Texans vote to keep discriminating against gays and transgenders

An ordinance protecting gay and transgender rights was overturned in Houston yesterday. HERO (Houston Equal Rights Ordinance) was a ballot question that protected against the discrimination of people based on gender, sexual orientation, age, race, gender identity, and other categories of discrimination in housing and the workplace.

According to the Washington Post, those against the bill said it infringed upon their religious liberty. In the days leading up to the ordinance, they focused on the issue of transgender use of public restrooms.

The idea that allowing transgendered individuals access to the bathroom based on the gender they identify with (rather than the one they’re born with) would somehow lead to sexual assault is a favorite myth of many right wingers and religious conservatives. Other cities in Texas, as well as the states of Arizona, Florida, and Kentucky, have passed similar “bathroom bills.” Literally 0 assaults have happened in that time.

HERO was first passed in May 2014 with support from Houston’s openly gay Mayor Anisse Parker. Opponents of HERO say the law is at best redundant because all these protections are guaranteed under federal law, and the only thing this accomplishes is infringement on their religious liberty (to discriminate against the LGBTQ community, but this last part goes unsaid).

HERO, however, does seem to protect everyone, not just the LGBTQ community. The ordinance had been in effect for 3 months, and of the 11 complaints filed under HERO while it was enacted, 5 were related to racial discrimination and one was related to gender. Repealing HERO means those acts of discrimination don’t get the justice they deserve. It seems HERO is not redundant after all.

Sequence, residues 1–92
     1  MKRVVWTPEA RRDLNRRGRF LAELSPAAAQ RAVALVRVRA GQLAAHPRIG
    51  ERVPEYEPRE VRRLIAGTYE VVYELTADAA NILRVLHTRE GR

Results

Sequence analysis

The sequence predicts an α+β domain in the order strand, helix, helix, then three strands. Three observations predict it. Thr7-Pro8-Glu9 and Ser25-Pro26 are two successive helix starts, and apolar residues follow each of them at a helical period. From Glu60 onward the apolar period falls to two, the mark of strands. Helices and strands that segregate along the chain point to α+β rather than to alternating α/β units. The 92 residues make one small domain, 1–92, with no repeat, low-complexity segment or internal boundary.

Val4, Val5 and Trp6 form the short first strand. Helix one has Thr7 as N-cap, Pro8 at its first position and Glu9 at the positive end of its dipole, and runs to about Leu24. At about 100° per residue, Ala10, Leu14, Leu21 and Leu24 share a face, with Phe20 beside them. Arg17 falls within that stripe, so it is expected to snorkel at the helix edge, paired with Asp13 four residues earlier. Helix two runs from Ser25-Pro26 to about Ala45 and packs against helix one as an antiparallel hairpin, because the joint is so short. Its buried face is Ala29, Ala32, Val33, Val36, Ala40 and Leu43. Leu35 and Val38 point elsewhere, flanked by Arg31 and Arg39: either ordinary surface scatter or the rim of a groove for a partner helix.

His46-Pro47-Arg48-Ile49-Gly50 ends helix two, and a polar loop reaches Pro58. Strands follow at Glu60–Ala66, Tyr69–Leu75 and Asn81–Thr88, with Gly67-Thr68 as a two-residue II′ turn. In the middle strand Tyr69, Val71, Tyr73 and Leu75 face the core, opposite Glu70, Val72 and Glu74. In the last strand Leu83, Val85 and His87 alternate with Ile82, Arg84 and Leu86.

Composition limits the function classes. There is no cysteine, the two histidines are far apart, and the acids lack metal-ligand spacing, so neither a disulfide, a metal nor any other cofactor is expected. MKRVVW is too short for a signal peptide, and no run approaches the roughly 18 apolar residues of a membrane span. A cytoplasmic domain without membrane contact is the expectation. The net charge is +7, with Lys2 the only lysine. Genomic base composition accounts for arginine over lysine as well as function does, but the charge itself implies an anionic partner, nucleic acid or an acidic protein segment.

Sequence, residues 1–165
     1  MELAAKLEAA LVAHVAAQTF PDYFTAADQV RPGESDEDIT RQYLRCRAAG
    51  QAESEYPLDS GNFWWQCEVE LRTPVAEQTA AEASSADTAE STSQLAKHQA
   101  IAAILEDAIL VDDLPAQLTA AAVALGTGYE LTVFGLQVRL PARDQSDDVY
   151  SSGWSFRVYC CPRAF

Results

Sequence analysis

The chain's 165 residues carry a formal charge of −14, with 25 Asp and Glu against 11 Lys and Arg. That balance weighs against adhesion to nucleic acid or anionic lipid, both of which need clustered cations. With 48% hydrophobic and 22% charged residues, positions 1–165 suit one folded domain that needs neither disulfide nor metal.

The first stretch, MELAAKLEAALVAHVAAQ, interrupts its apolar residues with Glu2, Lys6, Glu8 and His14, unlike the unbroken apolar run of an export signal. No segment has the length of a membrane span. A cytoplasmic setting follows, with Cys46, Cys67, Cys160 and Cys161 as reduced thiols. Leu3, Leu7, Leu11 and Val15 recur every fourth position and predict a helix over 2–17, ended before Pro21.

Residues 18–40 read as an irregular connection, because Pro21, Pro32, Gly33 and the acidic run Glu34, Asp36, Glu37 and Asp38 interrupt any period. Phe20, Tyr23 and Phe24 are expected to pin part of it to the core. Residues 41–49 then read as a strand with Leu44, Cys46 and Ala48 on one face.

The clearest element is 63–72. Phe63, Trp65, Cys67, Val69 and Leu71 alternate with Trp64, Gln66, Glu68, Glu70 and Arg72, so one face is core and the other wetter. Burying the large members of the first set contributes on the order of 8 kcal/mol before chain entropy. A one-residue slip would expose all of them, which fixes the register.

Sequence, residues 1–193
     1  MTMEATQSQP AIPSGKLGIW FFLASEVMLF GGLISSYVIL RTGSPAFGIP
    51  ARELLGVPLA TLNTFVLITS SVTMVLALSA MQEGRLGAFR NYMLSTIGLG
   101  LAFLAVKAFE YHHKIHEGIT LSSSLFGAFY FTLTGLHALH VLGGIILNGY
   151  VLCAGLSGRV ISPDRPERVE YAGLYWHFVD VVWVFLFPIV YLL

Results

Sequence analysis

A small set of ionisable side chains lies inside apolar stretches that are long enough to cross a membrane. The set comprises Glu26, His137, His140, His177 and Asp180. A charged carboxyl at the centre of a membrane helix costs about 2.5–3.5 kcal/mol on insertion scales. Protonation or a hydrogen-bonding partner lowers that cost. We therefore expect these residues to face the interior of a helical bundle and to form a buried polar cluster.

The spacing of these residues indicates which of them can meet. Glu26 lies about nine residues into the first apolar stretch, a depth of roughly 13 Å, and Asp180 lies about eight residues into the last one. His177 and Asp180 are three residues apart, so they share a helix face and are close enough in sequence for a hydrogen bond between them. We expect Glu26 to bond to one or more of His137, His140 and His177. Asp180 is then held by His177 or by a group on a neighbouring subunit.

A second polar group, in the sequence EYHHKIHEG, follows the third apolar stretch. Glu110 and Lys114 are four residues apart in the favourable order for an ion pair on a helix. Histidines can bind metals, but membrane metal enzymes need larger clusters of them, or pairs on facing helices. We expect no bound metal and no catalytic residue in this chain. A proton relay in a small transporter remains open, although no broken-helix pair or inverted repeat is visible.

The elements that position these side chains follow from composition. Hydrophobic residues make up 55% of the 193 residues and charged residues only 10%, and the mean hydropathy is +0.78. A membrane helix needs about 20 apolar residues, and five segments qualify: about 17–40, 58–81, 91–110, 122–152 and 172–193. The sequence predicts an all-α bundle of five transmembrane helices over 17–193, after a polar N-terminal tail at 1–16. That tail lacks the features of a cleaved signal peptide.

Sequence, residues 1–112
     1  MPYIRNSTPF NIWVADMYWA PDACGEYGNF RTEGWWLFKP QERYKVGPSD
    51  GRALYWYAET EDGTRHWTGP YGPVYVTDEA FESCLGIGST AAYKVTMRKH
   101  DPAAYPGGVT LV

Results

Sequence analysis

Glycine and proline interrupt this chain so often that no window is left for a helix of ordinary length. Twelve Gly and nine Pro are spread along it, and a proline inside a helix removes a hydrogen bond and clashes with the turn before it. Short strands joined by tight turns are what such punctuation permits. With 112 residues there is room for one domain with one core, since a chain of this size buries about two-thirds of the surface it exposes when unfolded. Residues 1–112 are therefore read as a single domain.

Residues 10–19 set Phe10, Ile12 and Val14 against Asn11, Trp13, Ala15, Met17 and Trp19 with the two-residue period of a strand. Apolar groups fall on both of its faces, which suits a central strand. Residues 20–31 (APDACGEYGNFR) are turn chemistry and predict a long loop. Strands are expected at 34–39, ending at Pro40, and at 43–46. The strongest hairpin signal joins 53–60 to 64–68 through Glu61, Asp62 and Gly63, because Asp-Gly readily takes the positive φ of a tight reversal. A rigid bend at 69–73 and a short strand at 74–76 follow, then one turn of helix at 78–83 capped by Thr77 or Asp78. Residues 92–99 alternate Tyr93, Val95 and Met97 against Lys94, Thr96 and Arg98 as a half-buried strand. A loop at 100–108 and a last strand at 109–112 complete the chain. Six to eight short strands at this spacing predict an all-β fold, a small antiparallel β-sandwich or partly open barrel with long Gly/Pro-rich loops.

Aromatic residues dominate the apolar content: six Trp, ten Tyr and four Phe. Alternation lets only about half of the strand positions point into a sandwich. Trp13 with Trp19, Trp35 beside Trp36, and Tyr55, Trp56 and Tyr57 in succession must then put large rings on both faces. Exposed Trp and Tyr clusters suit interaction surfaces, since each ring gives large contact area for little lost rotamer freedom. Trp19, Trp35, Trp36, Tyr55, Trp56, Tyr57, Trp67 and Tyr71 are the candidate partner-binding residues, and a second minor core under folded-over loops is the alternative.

Focusing on the sexual assault bogeyman tricks people into voting against their own interests, and it’s despicable. Yes, men dressing up as women and assaulting women in the bathroom would be a terrible thing. A zombie apocalypse would also be a terrible thing. Both are fears based on fictional occurrences. One happens to dictates policy anyway.

[Gawker] Featured image via screen grab 

Caitlin Cohen

Caitlin Cohen graduated from Boston University with a degree in History. She has written for DeadState for three and a half years. She technically speaks French. She lives in Los Angeles with her boyfriend and has big plans to one day get a dog.

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